Incidentally, this is one of the objections I have to the New Age mantra "thoughts are things." I think this gives thoughts entirely too much reality and importance. It also encourages us to suppress (or repress) our thoughts, by investing them with a fearful power that makes them dangerous to look upon. The opposite is closer to the truth: "thoughts are nothing."
There are limitations to Carlson's method. Though he insists that our happiness is entirely a matter of our own interpretation and that outside circumstances have nothing to do with it, I think some outside circumstances are so dire that no amount of mindfulness, short of the otherworldly detachment of a Zen master, could make them bearable. If you're a prisoner in a concentration camp or the captive of a serial killer, your happiness is really not in your own control. But most of us, thankfully, are not likely to find ourselves in those circumstances. For the ordinary ups and downs of everyday life, the frictions and frustrations, the arguments and disappointments, Carlson's approach works extraordinarily well.
It also has a certain relevance to the whole question of the nature of consciousness. If we are not our thoughts, then what are we? Evidently we are the mind that looks at our thoughts and either investigates them or shoos them away. Which means we are something like "the witness" who habitually stands back from our thoughts and actions, observing and sometimes judging in an impersonal way.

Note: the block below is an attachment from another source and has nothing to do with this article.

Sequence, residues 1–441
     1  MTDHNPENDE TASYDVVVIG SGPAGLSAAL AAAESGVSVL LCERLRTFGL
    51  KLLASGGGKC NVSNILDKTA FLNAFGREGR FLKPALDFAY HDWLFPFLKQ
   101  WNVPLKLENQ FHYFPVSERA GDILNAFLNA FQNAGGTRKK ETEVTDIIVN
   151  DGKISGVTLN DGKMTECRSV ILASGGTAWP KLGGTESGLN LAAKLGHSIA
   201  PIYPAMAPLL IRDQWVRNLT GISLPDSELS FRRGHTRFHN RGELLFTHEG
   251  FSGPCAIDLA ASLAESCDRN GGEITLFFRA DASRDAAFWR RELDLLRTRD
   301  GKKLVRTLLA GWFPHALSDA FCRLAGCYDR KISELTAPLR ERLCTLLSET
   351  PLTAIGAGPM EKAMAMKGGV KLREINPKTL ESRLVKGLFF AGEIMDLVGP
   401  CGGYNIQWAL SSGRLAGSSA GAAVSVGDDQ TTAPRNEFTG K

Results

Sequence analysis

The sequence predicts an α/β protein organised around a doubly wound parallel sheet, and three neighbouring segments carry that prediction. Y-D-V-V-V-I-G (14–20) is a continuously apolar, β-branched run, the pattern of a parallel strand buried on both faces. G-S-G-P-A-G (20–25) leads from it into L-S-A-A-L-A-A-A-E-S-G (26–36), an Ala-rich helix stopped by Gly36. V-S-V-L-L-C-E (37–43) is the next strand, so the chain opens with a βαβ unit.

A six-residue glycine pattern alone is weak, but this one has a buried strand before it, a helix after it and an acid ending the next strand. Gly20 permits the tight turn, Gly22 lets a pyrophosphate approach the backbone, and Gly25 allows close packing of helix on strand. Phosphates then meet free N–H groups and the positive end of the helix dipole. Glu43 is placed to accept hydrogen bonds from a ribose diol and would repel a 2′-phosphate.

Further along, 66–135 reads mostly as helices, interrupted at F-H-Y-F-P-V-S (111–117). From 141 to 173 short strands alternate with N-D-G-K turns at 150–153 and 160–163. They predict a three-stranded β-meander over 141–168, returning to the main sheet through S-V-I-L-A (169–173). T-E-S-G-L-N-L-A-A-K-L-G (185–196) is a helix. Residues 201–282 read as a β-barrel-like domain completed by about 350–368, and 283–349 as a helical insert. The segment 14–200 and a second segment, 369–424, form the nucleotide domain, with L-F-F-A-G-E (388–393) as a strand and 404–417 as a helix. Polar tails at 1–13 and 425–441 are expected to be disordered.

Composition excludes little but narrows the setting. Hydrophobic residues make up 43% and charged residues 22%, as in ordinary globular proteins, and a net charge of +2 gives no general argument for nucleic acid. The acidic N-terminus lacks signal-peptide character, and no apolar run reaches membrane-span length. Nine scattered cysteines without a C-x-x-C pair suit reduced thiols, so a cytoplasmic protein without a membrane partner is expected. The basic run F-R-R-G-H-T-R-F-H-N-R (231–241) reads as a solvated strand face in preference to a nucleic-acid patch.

Perhaps it is the witness who is fully real and accounts for the continuity of consciousness that persists across many changes of mind – changes of opinion, changes of knowledge, changes of mood, changes of psychological maturity, etc. When we regard ourselves as essentially the same person we were at the age of six, maybe what we are acknowledging is the persistence of the witness, the observer who is outside the ego with its changeable nature, its endless conflicts, its Sturm und Drang. We are the eye of the storm, and the I in the storm.
And when we get caught up in petty quarrels, ego-based rivalries, and counterproductive obsessions, we're forgetting our essential nature as the witness and becoming ensnared in a briar patch of thoughts that ultimately have no reality at all. We're like a spider that gets stuck in its own web.
At this point we've gotten a little bit away from Richard Carlson's book, so let me circle back to it by saying that my summary of his views is necessarily incomplete and, in itself, probably not very helpful. If it interests you, I suggest reading the whole thing. It's not a long or difficult read, and you just may find it helpful. I know I have.